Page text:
A taxi driver has been left fuming after being hit with a £600 fine - for parking on his own driveway.

David Gordon was given the fine after a council spy-car photographed his burgundy taxi parked on the drive outside his home, because he had driven up a kerb to get to it.

The 46-year-old father-of-three was punished for driving over the pavement because his application to install a dropped kerb outside his home - which also has double-yellow lines - was rejected.

Mr Gordon, of Southend-on-Sea, Essex, said: "It's absolutely ridiculous.  My street is quite narrow and there are lines on my side of the road, so when I get in from work at 5am, the only place for me to park is on my driveway.

"I installed the driveway about six years ago and never had any problems before. But after I applied for a dropped kerb and the council said no, the spy-car has been out in the area. That's what got me, and it's sickening. They're being so heavy-handed, it's ridiculous.

"I had to pay the fine but I'm effectively being punished for doing a dutiful thing and taking my car off the road so others without a drive can park there.

"You can't win with this council. It just seems like it is on a mission for revenue."

Southend-on-Sea Borough Council has waged war on locals driving over the pavement to park in their front gardens because of the perceived damage caused to kerbs.

Mr Gordon’s claim that he applied for a dropped kerb is disputed by council officials, who said he was the only person to have ended up in court over the matter despite 230 notices having been issued.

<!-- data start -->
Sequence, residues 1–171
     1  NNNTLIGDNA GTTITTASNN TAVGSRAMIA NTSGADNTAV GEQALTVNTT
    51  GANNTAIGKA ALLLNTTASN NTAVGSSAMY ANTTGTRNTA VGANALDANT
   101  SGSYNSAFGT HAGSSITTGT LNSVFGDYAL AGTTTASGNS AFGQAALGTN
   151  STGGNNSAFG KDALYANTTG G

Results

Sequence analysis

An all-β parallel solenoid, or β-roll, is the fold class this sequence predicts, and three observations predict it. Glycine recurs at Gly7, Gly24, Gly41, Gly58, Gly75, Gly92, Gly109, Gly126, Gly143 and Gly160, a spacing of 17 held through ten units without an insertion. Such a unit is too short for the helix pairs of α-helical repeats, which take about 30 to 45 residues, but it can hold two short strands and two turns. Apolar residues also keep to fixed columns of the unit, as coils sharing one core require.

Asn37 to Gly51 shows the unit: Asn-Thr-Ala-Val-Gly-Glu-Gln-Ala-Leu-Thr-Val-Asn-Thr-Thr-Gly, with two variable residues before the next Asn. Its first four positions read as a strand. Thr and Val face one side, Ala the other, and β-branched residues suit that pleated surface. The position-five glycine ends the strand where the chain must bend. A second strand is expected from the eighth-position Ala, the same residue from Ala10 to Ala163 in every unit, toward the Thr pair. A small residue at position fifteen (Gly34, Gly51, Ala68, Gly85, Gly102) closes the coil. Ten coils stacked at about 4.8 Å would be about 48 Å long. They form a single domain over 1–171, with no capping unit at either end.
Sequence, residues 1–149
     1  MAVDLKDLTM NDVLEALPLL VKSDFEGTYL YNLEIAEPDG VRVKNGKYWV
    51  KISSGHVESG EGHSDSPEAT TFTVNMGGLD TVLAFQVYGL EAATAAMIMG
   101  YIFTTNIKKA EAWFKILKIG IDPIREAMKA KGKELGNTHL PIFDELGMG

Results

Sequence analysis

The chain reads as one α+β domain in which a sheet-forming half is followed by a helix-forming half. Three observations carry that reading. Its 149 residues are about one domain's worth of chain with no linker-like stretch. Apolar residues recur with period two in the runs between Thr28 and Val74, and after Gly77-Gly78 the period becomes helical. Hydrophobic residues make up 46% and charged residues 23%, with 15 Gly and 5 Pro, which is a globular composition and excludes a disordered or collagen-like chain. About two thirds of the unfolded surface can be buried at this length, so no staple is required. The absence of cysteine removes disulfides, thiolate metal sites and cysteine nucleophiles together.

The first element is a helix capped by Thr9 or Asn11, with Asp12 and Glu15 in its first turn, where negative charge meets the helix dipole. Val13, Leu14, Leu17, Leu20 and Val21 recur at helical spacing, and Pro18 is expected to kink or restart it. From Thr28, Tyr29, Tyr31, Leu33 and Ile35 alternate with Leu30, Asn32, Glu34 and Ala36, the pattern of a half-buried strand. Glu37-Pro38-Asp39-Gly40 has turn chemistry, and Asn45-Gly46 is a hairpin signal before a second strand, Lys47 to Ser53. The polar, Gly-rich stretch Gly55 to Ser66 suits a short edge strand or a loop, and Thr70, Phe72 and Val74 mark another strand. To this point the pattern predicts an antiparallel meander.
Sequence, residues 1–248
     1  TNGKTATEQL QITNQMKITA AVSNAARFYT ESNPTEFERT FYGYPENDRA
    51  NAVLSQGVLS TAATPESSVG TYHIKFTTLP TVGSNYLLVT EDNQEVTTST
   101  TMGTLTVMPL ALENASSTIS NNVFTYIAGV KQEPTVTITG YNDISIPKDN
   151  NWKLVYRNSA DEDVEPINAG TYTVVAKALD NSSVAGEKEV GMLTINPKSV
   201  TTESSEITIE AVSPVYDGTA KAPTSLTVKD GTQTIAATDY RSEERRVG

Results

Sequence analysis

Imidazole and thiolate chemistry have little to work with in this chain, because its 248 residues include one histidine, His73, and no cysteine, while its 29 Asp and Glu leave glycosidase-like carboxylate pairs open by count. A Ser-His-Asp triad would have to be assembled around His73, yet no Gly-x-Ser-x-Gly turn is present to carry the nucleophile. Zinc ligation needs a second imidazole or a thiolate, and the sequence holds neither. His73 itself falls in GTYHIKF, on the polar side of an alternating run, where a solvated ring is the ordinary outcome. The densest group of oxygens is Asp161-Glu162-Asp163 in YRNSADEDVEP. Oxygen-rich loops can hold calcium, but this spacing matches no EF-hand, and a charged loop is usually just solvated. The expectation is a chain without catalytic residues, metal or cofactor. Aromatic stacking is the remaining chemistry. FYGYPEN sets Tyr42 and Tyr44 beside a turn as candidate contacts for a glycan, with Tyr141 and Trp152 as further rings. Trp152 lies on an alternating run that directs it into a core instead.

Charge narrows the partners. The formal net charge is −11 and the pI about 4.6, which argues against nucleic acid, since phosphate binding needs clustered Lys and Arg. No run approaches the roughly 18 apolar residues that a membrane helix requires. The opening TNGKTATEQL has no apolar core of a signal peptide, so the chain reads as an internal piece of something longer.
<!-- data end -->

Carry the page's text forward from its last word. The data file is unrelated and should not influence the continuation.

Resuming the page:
The council confirmed they cancelled his application process last month and David appeared before Southend and Rochester Magistrates' Court last week, where he pleaded guilty to a breach of highways laws.

Martin Terry, Executive Councillor for Public Protection, Waste and Transport, said: "If residents want to cross a footpath to park in front of their home, they must have a proper dropped kerb installed and to go through the right process which is in place for a good reason.

"Installing a dropped kerb involves assessing safety, strengthening the sub-base of the whole pavement area that will be driven over and ensuring that gas and water pipes and cabling below ground are not damaged.

"Ignoring this results in broken kerbs and slabs which are both dangerous trip hazards to local people and cost the council significant amounts of public money to replace.

"In this world of dwindling resources, we cannot and will not allow this to happen, so where we can gather evidence and have a good case we will take action."

Photo credit: SWNS